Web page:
At 8 years old, I also made the connection between the food on my plate and the animals that it came from. Don't worry, my friends applaud me for not being *that* vegan, but this is my story after all. I will always remember the day when the reality set in that my ever so favourite tasty frog legs at my favourite buffet were actually FROGS LEGS. I made the personal decision to stop eat animals, with the help of my vegetarian grade 3 teacher (Thank you Mr. Senecal). Not only was this triggered by the harsh reality of animals being food but I also didn't want to go down the same path that my father did. Seeing my dad forced to drastically alter his lifestyle and cut out processed foods, salt, red meat and sugar in order to stay alive shifted me towards becoming a vegetarian. It took me many, many years of trial and error. I was continually on and off supplements because I was constantly told I needed them, tirelessly questioned about my choices and always having to convince my family Dr. that I would be a-okay eating this way. Luckily, I had SO much support from my family who accepted me even though my values didn't align with theirs and did a hell of a lot of research to become a healthy(ish) vegetarian. I remember coming home in grade 3 and telling my mom that I was now going to be a vegetarian and her exact response was "A WHAT?!" So, I did it and never looked back thanks to my moms rice and bean casserole, her staple "I don't know what else to feed you dish". I say healthy(ish) because even though I wanted to be healthier, my university days were full of confusion on how to actually be healthy with a steady intake of whole wheat subway sandwiches filled with just veggies. With that decision came a subsequent life of questions. Where I got my protein was a big one, or how I was alive is among my favourites, I'd say "I don't know, but clearly I am alive". I was always being told how to eat, what to eat and that my way of eating was wrong. I was constantly defending my food choices. Even without advertising it, my way of eating became my label; It's how people saw me. No matter what I did, the fact that I didn't eat meat always came up. 20 years ago, being a vegetarian especially as a growing human wasn't really a thing. I would be told "you're pale you need to eat meat for iron", "you look tired, you need to eat meat", or "you have a cold - you need to eat meat". My health and the way I looked or acted was always of concern for people and somehow correlated to me being a vegetarian. People (not all) would and still get defensive when they realize that my food choices don't align with theirs. Making the choice to be vegetarian was very personal for me. I had seen my dad completely shift his lifestyle and die from a life of bad health choices and I didn't want that for myself, nor did I want to partake in eating animals. At the age of 22 I became a full-fledged vegan. I was always lactose intolerant so the jump to being a total plant based eater wasn't far. It felt AMAZING, for some odd reason my goal was always to become vegan. I finally felt like the way I was eating aligned with my values. With this decision also came many hurdles, like blurry vision from lack of B12, headaches and insane hunger from not eating enough of the right foods. I learned my lessons which only fueled me even more to share my passion for healthy plant based eating, done right! In saying this, I am a firm believer in individuality, I accept all forms of eating and respect every human for their food choices. I studied geography and environmental studies at the University of Ottawa, because I always had a love and intrigue between the human-environment connection. I subsequently started to work in the real estate industry and my shy demeanor went away pretty quickly! At the age of 25 I felt like something was missing in my life. Up to this point, because of my lifestyle, life experiences, and food choices, my mind would constantly go back to food, nutrition and health. Questions like "Why do we eat the way we eat?", "Where does our food really come from?", "Do people make the connection between their food and it's source?", "Is there an ideal diet? etc. I always wanted to know more about nutrition. Was my way of eating healthy? After what felt like a lifetime of defending it, I wanted to know the science. I decided to obtain a diploma in natural nutrition and became a nutritionist. 3 years later, with that under my belt Plant Forward Nutrition was born. I feel like every event in my life has led me to be exactly where I need to be. I have a passion for health, it's one that's been boiling inside me since I was a little girl. I want to inspire and teach people how to live their healthiest happiest life. I want to help expand peoples views, bring back the very fact that food IS fuel and if I can keep one person alive a little longer, that is more than enough. I realize that everyone dies, however losing a parent when you are little mainly due to lifestyle choices is disheartening. Every day, multiple times a day we make the choice to feed ourselves, what we choose is either promoting health or working against our health. The choice is YOURS. Life is absolutely beautiful and your body is worth a life full of health promoting, vibrant food. Enjoy every day, every moment and cherish the beings who surround you and know that no matter what, you have the choice to choose the direction of your life.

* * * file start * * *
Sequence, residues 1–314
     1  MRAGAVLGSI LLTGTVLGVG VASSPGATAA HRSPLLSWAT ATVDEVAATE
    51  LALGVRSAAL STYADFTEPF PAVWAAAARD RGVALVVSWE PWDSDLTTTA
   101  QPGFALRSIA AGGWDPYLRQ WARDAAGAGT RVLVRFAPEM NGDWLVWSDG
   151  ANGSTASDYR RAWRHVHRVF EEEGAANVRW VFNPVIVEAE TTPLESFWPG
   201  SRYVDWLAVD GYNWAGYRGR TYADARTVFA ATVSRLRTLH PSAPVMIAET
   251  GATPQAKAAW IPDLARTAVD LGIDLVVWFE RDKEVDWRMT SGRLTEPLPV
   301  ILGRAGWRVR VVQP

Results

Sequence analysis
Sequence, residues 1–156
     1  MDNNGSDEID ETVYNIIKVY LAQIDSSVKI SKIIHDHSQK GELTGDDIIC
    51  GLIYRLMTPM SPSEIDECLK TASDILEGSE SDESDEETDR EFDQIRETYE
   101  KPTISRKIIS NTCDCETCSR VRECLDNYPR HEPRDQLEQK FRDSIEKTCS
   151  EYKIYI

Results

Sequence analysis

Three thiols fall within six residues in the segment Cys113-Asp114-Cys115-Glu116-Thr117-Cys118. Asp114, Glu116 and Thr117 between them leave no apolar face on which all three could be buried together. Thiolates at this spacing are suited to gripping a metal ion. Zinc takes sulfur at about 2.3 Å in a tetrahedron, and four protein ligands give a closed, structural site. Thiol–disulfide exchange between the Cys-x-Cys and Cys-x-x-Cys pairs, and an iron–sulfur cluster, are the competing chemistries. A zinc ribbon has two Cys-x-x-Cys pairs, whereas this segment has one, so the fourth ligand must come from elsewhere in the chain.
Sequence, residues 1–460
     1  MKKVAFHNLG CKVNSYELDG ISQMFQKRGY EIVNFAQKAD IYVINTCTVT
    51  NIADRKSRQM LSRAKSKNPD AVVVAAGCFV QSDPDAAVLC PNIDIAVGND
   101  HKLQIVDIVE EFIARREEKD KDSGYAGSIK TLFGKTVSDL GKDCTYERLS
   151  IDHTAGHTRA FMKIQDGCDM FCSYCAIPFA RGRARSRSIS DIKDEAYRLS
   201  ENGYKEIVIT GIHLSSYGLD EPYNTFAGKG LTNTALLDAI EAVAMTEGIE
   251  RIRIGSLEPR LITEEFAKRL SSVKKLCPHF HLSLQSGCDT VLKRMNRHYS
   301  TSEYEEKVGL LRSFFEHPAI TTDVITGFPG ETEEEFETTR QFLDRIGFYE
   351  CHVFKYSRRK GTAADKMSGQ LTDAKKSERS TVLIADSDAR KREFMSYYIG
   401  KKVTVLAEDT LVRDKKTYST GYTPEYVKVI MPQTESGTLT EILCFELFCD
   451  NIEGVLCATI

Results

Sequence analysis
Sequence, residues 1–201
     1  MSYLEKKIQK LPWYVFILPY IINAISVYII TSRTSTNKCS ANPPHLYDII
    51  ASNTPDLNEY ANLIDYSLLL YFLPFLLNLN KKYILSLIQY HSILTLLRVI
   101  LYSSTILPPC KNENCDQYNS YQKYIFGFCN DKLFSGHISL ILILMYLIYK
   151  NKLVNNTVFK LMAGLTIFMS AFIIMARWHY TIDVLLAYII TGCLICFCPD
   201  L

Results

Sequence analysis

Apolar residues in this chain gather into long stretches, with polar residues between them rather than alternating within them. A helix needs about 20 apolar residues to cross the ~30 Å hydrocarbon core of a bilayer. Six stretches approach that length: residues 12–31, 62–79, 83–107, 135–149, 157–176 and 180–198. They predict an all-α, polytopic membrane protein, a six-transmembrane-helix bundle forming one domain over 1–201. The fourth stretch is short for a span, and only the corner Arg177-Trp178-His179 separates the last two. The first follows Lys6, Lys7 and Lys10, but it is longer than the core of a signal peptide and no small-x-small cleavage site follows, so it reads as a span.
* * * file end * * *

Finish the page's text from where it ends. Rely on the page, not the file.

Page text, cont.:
Always BE planting forward!